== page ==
Most of what follows is true reads as the beginning of a blueprint for writing about real places, historical figures and facts, in both fiction and nonfiction. While Michael Crummey gave this lecture in an academic context, during the Kreisel Lecture Series (University of Alberta, 2018), he definitely speaks from a practitioner’s stance. In this booklet of barely 40 pages, he launches writers on a path of self-reflection about their own use of real elements, while raising readers’ awareness about the cultural and social effects of such literary representations.
The novelist and poet from Newfoundland proceeds to a critical reading of a small body of works, by other Maritime writers or by foreigners who have chosen a Newfoundland location as their setting: Wayne Johnston (The Colony of Unrequited Dreams), Howard Norman (The Bird Artist), Annie Proulx (The Shipping News), among others. Underlying his whole demonstration is this idea that “[i]n some barely definable way, the real world does not fully exist until it has been fictionalized or ‘told’, until the mirror is held up and we see our own faces” (5). He offers a profusion of concrete examples to illustrate the possible pitfalls of writing about real-life characters and places, of holding this figurative “mirror” to people’s faces.
Perhaps because he is himself a writer, the author does not fall into the trap of enunciating rules or prescriptions, but points out factual errors, omissions or liberties taken by writers. He then raises very topical questions: “What do I owe to the history and the historical figures I was writing about? What are the limits to the liberties that can be taken?” (36-37). He also wonders if there comes a point where writing imaginatively about real people and places trespasses onto cultural appropriation? Voluntary or not, he argues, these creative choices alter the work’s reception and can bring forth a lot of criticism from the people who feel they have been misrepresented. At the same time, when a place like Newfoundland is repeatedly used by great writers as the backdrop for their story, it can “make a significant mark nationally and internationally” (7).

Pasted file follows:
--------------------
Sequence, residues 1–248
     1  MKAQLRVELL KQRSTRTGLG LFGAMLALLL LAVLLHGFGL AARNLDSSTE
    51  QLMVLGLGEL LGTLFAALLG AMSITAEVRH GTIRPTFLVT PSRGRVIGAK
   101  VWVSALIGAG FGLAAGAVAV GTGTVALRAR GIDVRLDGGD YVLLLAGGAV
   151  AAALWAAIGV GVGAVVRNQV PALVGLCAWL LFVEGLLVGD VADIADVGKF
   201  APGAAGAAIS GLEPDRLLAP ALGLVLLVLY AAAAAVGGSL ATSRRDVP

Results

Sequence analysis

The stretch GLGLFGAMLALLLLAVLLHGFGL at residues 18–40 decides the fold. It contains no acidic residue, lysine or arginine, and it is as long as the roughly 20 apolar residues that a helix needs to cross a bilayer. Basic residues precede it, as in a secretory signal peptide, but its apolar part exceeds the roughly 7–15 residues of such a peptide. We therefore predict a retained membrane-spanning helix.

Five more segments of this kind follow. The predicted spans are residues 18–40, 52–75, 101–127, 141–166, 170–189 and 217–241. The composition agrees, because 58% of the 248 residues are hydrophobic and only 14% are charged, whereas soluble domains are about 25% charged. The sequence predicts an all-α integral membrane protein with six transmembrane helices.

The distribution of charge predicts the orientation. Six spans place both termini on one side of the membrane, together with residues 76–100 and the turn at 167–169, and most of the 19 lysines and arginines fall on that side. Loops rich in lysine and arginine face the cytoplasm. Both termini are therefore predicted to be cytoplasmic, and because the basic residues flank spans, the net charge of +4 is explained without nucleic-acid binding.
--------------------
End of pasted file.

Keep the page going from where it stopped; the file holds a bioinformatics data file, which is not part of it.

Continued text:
While we can certainly grasp his general ideas and point of view without having read any of the titles he mentions, some subtleties of his explanations might elude us if we do not make the effort of cracking open some of those books. It is precisely the kind of lecture from which you learn in proportion to the intellectual effort you are willing to input and a very compelling example of the necessity for a writer to read consciously and reflect on her own practice in order to write better.
Most of what follows is true : places imagined and real
by Michael Crummey
CLC Kreisel Lecture Series, February 2019, 72 pp., $11.99
Karine Legault-Leblond’s whole life revolves around books: emerging Quebecer writer and French Lit student (University of Ottawa), she works full-time in a library. In 2015, she won a literary prize for one of her short stories, which was published in a collection. She keeps on writing, reading and learning about the craft.